Teen pregnancy affects the foster care system in two major ways: teens in foster care are more likely to become pregnant, and babies born to teen mothers are more likely to be placed in foster care. Investing in prevention would mean fewer children in foster care and less stress on the foster care system.
Teen girls in foster care are 2.5 times more likely to experience a pregnancy than their peers not in foster care.
Teen mothers aged 17 and younger are 2.2 times more likely to have a child placed in foster care than mothers who delay childbearing until age 20 or 21.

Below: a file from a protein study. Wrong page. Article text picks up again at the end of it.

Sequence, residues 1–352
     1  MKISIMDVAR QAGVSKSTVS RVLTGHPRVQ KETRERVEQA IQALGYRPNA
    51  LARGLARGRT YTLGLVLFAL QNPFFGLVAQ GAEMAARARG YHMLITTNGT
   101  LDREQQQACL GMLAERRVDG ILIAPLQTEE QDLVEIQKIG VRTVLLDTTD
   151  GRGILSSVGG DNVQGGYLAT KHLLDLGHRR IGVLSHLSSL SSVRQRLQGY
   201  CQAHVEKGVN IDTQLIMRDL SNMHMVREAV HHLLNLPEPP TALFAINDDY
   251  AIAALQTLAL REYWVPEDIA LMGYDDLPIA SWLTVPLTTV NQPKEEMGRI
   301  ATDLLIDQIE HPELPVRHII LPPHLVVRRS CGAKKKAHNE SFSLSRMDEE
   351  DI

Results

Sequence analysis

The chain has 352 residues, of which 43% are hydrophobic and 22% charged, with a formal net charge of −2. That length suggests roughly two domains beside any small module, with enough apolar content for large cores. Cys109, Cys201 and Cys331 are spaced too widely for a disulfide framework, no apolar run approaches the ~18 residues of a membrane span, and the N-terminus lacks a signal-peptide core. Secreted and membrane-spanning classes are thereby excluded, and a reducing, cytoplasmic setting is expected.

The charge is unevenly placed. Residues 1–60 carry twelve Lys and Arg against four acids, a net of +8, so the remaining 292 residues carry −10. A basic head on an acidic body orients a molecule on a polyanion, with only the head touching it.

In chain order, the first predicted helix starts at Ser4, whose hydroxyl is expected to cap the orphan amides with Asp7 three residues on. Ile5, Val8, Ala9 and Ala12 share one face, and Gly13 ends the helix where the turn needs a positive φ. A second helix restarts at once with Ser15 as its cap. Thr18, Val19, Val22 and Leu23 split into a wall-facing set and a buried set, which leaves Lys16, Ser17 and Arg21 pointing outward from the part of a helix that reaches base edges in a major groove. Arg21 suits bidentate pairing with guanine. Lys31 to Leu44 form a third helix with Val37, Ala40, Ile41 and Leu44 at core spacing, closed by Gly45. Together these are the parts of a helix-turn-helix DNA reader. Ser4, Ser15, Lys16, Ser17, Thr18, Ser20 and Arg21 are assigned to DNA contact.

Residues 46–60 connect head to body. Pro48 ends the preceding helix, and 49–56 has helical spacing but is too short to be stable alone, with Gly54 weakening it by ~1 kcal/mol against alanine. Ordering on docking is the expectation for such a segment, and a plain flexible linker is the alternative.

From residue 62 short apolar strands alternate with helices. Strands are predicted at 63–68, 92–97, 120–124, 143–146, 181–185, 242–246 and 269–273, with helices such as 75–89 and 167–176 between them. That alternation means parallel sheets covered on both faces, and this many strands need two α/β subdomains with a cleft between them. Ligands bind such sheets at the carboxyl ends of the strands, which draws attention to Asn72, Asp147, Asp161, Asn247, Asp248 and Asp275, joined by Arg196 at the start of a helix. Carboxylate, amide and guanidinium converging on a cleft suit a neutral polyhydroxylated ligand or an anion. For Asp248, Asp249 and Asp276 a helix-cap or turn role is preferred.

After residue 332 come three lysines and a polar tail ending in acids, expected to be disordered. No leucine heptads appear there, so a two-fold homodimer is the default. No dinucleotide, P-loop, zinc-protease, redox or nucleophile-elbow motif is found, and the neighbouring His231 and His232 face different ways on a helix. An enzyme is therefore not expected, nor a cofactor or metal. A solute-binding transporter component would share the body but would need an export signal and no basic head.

Currently, there are more than 8,000 children in foster care in Oklahoma.
Transition Out of Foster Care
The shift from foster care to adulthood is challenging for many youth, especially if they are teen parents. One study of teen parents formerly in foster care found that:
We cannot afford to ignore the overburdened foster care system in Oklahoma. An investment in teen pregnancy prevention will improve foster care conditions and save taxpayers millions.